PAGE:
2:17am

Fri December 14, 2012
Business

Farewell, Bosses: A Wave Of Young Entrepreneurs

Originally published on Fri December 14, 2012 4:33 am

To save money, 30-year-old Alisha Mustafa runs her small pie-making business out of the kitchen of another restaurant.
Mustafa Pie Co.

Thirty-year-old Alisha Mustafa spent years working at low-paying restaurant jobs. The unemployment rate hovers around 10 percent in her hometown of Bloomington, Ind.

"I've worked it all in this town," she says. "I've worked for so many restaurants, and last year was my year from hell in the industry."

So, she quit and started her own business. Now, she spends most days baking treats like gluten-free strawberry mango pie for her business, Mustafa Pie Co.

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2:15am

Fri December 14, 2012
Education

In California, Parents Trigger Change At Failing School

Originally published on Fri January 11, 2013 2:18 pm

Parents leading a revolt to take over an elementary school say it has failed their children. From left: Cynthia Ramirez with her son, Mason; Doreen Diaz; Bartola DelVillar; and Kathy Duncan.
Claudio Sanchez NPR

Parents in one small California community have used a "parent-trigger" law for the first time to shut down and take over an elementary school. It's a revolt led by parents who say the school has failed their children, but others say it's not the school's fault.

The school is in tiny Adelanto, Calif., home to several prisons connected by desolate stretches of highway on the fringes of the Mojave Desert.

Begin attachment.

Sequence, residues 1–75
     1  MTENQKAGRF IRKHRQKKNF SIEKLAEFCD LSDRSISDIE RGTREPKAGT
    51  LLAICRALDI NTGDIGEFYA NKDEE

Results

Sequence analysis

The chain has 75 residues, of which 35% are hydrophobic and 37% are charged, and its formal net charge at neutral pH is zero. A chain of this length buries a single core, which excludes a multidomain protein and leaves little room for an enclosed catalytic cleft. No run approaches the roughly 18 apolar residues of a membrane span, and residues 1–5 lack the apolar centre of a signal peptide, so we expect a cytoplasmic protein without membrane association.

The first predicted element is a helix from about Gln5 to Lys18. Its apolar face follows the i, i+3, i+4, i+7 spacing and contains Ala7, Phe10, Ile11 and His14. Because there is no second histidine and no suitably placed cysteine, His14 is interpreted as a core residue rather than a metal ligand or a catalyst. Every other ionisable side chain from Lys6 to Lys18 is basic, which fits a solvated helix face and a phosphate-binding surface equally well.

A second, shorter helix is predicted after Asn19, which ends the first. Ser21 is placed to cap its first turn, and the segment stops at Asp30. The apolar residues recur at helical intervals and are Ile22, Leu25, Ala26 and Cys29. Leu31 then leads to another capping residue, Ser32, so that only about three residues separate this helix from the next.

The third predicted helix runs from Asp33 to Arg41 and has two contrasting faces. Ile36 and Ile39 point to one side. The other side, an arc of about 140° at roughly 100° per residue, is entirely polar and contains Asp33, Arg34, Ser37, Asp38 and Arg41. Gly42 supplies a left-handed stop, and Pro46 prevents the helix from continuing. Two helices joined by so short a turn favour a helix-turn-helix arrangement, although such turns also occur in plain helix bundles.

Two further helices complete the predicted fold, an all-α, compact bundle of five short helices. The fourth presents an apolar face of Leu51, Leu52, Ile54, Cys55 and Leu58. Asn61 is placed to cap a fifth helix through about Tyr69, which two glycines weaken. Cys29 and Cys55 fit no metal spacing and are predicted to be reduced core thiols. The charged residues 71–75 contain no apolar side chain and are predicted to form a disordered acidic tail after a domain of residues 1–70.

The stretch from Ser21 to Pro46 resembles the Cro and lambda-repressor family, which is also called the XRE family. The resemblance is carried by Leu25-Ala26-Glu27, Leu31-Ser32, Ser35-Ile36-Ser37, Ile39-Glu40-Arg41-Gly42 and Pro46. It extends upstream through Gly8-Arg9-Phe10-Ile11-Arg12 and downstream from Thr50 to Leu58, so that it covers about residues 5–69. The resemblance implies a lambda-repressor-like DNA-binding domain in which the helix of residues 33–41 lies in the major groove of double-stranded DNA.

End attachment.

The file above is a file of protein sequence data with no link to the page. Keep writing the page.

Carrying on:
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9:03pm

Thu December 13, 2012
StoryCorps

For Man With Amnesia, Love Repeats Itself

Originally published on Mon December 17, 2012 8:25 am

Jeff Ingram, 46, suffers from a rare condition that wipes his memory. Whenever he has an attack, his wife, Penny, fears he won't regain his love for her.
StoryCorps

Forty-six-year-old Jeff Ingram has a rare type of amnesia called dissociative fugue. When he has an attack, his memory is wiped clean and he doesn't remember who he is or where he's from.

To chronicle their memories in case he forgets again, Jeff and his wife, Penny, came to StoryCorps in Olympia, Wash.

"You and I were talking on the phone," Penny recalls. "You said, 'Well, I have a medical condition that I probably should share with you.' "

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8:00pm

Thu December 13, 2012
Savannah Music Festival

Savannah Music Festival: Bela Fleck and the Marcus Roberts Trio

Bela & Marcus

Airs Thursday, December 13 at 9:00 p.m.  Tune in to hear banjoist Bela Fleck with pianist Marcus Roberts and his trio, live from Savannah in their debut performance together. The history of the banjo in jazz dates back to the earliest ensembles of the 20th century in New Orleans, when banjo players were occasionally the star of the band. Over the next 100 years, however, the banjo changed within American musical culture, gradually falling out of favor as a primary instrument within a jazz band. In the spring of 2011, the Savannah Music Festival premiered a project featuring banjoist Bela Fleck with pianist Marcus Roberts and his trio. The results proved that the banjo has always been a wonderful solo instrument in jazz, particularly in the hands of a great improvisor like Bela Fleck. Tune in to hear Marcus Roberts on piano, Jason Marsalis on drums, Rodney Jordan on bass and Bela Fleck on banjo, live from Savannah in their debut performance.

5:30pm

Thu December 13, 2012
World Cafe

Latin Roots: Christmas Preview

Originally published on Mon December 17, 2012 4:09 pm

Mariachi Reyna de Los Angeles is an all-female mariachi band.
Courtesy of the artist